But back in the summer of 2008, Carly Fiorina had only praise for the woman who almost won the Democratic nomination for president. Of course, seven years ago, Fiorina's mission was to bring supposedly disgruntled Hillary voters over to John McCain. As with her loss to Barbara Boxer two years later, at that task, too, Fiorina failed miserably.

In the days after Barack Obama clinched the delegate count to assure his nomination, John McCain's economic adviser was dispatched to win over unhappy Hillary backers that June. As Newsweek ("Carly Fiorina: Praising Hillary, Pushing McCain") reported at the time:

For the past 15 months, Carly Fiorina has given her life to John McCain. A brand-name businesswoman owing to her tumultuous tenure as CEO of Hewlett-Packard, Fiorina serves as "victory chairwoman" of the Republican National Committee and is the McCain campaign's most outspoken and energetic female surrogate. But as she strolled around a dining room in the battleground state of Ohio last week, praising "a focused, determined, intelligent, empathetic, powerful leader," she wasn't talking about the GOP nominee. She was talking about Hillary Clinton--a woman, she told the 50 women gathered to see her in a Columbus suburb, who'd been wronged. "Women in positions of authority, particularly bold women who are trying to change things, are ... caricatured differently, commented upon differently and held to different standards," she said. "I watched all of this happen to Hillary Clinton."[Emphasis mine]
But Fiorina's "female-focused speaking tour in Ohio and Pennsylvania" quickly went off the rails. For starters, she assured Americans that John McCain "has never signed on to efforts to overturn Roe vs. Wade." But McCain abandoned that stand from his 2000 campaign in favor of the GOP's draconian 2008 platform which called for reversing Roe and instead passing a "human life amendment" to the Constitution. Fiorina sparked another controversy when she raised the topic of health insurance coverage of contraception.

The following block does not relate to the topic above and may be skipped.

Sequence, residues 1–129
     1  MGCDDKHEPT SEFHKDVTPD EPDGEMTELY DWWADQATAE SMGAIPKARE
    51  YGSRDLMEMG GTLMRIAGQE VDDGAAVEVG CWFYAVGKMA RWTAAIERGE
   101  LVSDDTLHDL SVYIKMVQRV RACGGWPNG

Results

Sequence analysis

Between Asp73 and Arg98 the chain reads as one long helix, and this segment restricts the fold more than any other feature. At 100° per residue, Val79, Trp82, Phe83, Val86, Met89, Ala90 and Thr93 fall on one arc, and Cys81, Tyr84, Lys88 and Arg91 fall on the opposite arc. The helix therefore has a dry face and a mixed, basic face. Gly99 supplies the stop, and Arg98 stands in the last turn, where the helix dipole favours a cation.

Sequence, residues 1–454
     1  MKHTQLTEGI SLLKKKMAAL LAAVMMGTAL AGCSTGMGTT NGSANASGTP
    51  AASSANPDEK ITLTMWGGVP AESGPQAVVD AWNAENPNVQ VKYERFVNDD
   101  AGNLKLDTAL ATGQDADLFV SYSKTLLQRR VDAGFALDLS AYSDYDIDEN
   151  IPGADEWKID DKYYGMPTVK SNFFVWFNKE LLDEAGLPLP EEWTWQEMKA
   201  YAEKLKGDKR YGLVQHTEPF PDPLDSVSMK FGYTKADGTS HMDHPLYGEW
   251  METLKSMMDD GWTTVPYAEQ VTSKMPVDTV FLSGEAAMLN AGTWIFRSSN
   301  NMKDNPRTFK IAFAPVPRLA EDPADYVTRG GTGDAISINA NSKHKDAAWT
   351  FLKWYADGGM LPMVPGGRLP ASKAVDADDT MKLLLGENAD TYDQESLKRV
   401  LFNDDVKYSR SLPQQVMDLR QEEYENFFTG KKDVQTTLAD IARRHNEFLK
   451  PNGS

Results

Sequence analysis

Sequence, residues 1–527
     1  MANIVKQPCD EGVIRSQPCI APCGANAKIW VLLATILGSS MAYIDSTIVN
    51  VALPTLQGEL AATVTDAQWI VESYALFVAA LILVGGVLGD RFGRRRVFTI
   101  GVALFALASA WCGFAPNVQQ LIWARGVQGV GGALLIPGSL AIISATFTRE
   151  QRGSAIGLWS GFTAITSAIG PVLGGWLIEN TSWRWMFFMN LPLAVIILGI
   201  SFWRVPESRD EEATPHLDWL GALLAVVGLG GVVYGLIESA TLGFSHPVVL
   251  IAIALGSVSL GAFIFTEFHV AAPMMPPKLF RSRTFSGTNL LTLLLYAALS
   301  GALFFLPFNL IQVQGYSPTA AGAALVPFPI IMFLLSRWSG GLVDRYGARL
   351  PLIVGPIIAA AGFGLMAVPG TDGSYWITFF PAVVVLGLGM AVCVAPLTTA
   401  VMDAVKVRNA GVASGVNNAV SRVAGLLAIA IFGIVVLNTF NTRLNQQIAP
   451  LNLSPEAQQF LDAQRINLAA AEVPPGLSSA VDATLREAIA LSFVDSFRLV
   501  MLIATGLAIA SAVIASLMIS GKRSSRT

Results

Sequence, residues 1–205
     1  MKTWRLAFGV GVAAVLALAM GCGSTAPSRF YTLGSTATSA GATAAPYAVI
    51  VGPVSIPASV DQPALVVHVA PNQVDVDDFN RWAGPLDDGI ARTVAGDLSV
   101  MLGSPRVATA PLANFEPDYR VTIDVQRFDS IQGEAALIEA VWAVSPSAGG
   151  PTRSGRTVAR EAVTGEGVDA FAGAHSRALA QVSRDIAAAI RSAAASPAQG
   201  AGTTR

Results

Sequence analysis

Head below the fold for a whole lot more on Carly.

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Every four years, Republican primary voters are treated to the predictable and pathetic spectacle of GOP presidential candidates claiming to be Ronald Reagan's heir. Left unmentioned is that Reagan's actual record as an abortion rights-signing, immigration amnesty-backing, tax-increasing and Earned Income Tax Credit-supporting Republican who tripled the national debt would make The Gipper about as welcome in today's GOP as a bout of chlamydia.

But in the wake of the Iran nuclear agreement announced last week, the 2016 GOP White House hopefuls are climbing on top of each other to proclaim themselves the latest vessel for Reagan's ghost. For example, Wisconsin Gov. Scott Walker, who previously pledged to rip up on "Day One" the deal the U.S. negotiated with its closest allies, explained this week that "the best president in my lifetime when it comes to foreign affairs was a guy who was governor of California." That's why, Walker declared, "a lot of people agree ... with my sentiment on Iran." Kentucky Sen. Rand Paul, who in years past claimed that Iran did not represent a threat to the United States, summed up his approach to curbing Tehran's nuclear program this way:

"I believe in applying Reagan's approach to foreign policy to the Iran issue."
If so, Paul and his GOP rivals might want to rethink that talking point, and not just because Reagan at Reykjavik had offered to dismantle the entire American nuclear arsenal and denounced the Israeli raid on Iraq's nuclear reactor at Osirak. After all, while President Obama is not about to "give the Iranians nuclear weapons," President Ronald Reagan sent the mullahs in Tehran a cake, a Bible and U.S. weapons. And even before the Iran-Contra scandal that nearly brought down his presidency, Reagan was humiliated by Iran's Hezbollah proxies in Lebanon and its ally in Syria just prior to retreating in disgrace.